As you make your calls, listen to what your gut tells you about the call. If you don’t think it’s going well, explicitly ask, "Are you inclined to buy?" If the answer is "No," cut your losses and move on. If a call goes well, set up the next call and outline your next steps before you hang up. Finally, always follow up and keep your promises.
Picking up the phone to dial for dollars may never be easy, but if you arm yourself with the right plan, it can pay off for your business.
Part 2 – 8 Hot Script Tips
Ok, so you’re ready to start cold-calling, but every time you pick up the phone and dial, you find your tongue tied in more knots than one of your aunt’s macramÃ© planters. What should you say? What shouldn’t you say? What you need, gentle reader, is a script.
No one expects an actor to entirely ad-lib an Oscar-worthy performance – even Tom Hanks needs a script to follow. There’s no reason for you to hold yourself to an even higher standard than a three-time Academy Award winner.
While a movie script and a cold-call script are very different, in both cases a little script-doctoring can make a big difference in the power of your performance. Here are eight simple tips from the script doctor to make your cold-call pitch as effective as possible.
1. Identify Your Audience
You can’t be all things to all people. If you’re a Web designer, selling to the sole proprietor of a retail store is very different from selling to a marketing manager at a major e-tailer. List your audience’s likes, dislikes, and hot buttons. If you don’t know what those are, research them. If you still don’t know, guess, and refine your audience as you go along. The point is, fine-tune your script for your target.
2. List the Business Benefits of Buying from You
Here’s where you get into the mind of your audience. List all of the business benefits that your customers get when they choose your solutions. Can’t think of any? Better find another line of work. Make sure that these benefits are concrete and reflect the way that your audience things. “Get a cooler Web site” is not a business benefit. “Reduce dropped shopping carts by 50%, increasing monthly revenues by 15%” is.
3. List the Possible Objections to your Good or Service
…and list the responses that overcome those objections.
Guess what? When you make cold-calls, you’re going to hear a lot of objections. That’s actually a good thing. If someone comes up with an objection, it shows that they bothered to listen closely enough to apply you pitch to their situation. That gives you a perfect opportunity to overcome the objection and make a sale. To capitalize on that opportunity, sit down in advance and try to list every possible objection, and then compose the best possible responses to overcome those objections. Trying to overcome objections on the fly is likely to be more frustrating and less fruitful.
4. Hone a One-Sentence Pitch
As we discussed in Part 1 od this article, you’re not going to have a lot of time to make your pitch. Boil it down to the essentials so that you can deliver it quickly (and naturally), and get to the important part of the call: listening to what your potential customer has to say.
5. Call and Ask for a Specific Person
Even at a large company, it’s surprisingly easy to get through to the right person if you ask a specific question. For example, one of my clients wanted to sell software to IT departments that would help them better manage their Websites. I simply called up the main switchboard of a major portal and asked, “Who is the person in your IT group that is in charge of Website performance?” Two minutes and a little chit-chat later, I had a name, phone number, and email address.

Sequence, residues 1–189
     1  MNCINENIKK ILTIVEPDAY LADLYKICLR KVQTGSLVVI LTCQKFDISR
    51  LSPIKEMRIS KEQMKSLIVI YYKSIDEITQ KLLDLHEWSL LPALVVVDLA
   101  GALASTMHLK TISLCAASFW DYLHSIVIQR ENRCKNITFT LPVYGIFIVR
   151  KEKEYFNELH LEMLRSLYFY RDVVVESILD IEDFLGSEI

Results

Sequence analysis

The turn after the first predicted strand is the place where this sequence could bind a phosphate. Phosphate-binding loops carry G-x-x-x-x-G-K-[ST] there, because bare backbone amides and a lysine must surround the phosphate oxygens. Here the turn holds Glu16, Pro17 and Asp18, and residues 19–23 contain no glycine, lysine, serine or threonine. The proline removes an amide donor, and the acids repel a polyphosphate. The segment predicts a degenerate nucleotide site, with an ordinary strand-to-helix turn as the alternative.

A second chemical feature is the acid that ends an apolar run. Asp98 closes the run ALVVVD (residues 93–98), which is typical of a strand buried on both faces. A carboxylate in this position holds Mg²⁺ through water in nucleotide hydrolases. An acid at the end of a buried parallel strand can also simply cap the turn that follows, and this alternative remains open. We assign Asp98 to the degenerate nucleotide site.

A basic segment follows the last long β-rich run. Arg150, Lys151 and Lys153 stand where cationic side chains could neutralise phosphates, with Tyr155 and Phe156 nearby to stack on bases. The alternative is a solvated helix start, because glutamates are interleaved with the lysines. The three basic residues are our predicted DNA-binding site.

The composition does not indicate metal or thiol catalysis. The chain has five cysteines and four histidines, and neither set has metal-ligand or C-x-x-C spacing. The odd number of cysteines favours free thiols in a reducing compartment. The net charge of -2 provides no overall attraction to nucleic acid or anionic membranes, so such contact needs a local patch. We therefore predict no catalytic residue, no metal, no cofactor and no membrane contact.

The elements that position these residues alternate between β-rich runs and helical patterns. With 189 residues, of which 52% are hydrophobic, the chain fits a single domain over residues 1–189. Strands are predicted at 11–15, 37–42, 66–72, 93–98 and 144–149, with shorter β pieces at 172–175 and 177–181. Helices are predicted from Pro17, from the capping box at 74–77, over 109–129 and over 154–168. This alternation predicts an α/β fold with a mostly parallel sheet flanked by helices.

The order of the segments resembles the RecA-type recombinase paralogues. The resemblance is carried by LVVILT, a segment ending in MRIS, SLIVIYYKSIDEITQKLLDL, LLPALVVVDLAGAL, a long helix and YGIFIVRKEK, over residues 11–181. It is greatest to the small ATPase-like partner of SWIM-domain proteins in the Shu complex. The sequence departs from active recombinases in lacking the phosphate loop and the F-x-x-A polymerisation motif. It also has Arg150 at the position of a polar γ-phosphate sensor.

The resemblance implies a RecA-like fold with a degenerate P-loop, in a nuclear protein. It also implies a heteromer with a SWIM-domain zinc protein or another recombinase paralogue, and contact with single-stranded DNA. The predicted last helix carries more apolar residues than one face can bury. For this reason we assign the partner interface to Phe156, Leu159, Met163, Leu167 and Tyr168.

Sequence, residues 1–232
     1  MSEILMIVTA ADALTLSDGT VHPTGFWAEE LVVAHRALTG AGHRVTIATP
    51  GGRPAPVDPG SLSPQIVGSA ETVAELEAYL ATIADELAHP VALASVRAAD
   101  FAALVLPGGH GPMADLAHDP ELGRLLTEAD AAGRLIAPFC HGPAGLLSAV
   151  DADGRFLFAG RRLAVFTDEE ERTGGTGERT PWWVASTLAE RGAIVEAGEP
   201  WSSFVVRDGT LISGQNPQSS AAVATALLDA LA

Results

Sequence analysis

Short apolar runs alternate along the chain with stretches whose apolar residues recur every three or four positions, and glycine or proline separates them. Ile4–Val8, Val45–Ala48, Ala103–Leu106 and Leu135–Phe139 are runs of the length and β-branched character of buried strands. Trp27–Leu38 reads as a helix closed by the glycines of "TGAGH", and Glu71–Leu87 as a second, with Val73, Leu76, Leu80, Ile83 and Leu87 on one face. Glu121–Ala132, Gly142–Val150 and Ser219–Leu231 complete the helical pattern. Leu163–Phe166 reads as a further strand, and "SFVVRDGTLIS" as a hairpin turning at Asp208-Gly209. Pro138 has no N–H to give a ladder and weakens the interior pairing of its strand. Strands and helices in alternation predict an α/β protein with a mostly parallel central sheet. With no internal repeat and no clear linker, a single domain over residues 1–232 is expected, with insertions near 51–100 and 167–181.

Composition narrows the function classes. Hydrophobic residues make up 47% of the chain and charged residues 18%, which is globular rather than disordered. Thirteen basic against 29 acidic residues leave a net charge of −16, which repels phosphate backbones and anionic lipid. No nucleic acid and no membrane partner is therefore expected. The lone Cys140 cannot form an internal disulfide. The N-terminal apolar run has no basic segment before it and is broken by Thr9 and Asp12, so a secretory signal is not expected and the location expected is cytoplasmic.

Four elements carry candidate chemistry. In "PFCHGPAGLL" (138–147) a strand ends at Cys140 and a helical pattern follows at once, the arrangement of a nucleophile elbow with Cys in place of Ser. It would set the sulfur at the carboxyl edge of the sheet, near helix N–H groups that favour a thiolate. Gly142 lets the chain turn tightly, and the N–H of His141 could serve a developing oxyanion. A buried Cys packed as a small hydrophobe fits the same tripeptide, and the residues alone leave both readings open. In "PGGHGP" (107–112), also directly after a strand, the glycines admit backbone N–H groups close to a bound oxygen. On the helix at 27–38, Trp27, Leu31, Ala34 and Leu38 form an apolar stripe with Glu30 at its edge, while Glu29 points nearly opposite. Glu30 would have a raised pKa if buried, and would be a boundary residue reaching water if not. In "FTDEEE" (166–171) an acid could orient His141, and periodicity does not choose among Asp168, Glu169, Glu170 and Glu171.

6. Make your Pitch
When it comes to the actual pitch, there is no magic, and there is no substitute for practice. If you stumble, pick yourself back up and make that next call. Some people are more naturally talented than others, but the ultimate determinant of success is persistence.
This is the step where you make or break your sale. The temptation is to relax and let down your guard once you finish your initial pitch. Don’t! If anything, completing the initial pitch is the easy part – all you have to do is follow a few simple directions.
Really listening to your prospects is hard. You have to swallow your pride and resist all those urges to say, “That’s the dumbest thing I’ve ever heard!” when your prospect begins to raise objections. You have to go against your instincts to defend yourself. Just remember, you’re not here to convince your customer to buy from you. You’re here to help your customer convince herself to buy from you. Without listening carefully and understanding her exact business needs, you can’t possibly do that.
8. Work Off your List of Benefits and Objections
Once you understand your prospect’s situation, match it up against your list of benefits and objections. Pick the benefits that matter most to your prospect and explain them. Ask for objections (“Are there any factors you can think of that could prevent a sale?” and overcome them. If you run across any objections that you haven’t prepared for, do the best you can, and make sure that you’re prepared for the next call.
If you’ve gotten through your pitch, explained the benefits of your solution, and overcome your prospect’s objections, your script has done its job. Now it’s up to you to follow through and close the sale. Good luck, and happy hunting.
Chris Yeh is a partner at Porthos Consulting, a sales and marketing consultancy that focuses on delivering measurable gains in lead generation and revenues. Chris and his work have been featured in Fortune, the Financial Times, and the New York Times. He earned his MBA from Harvard Business School.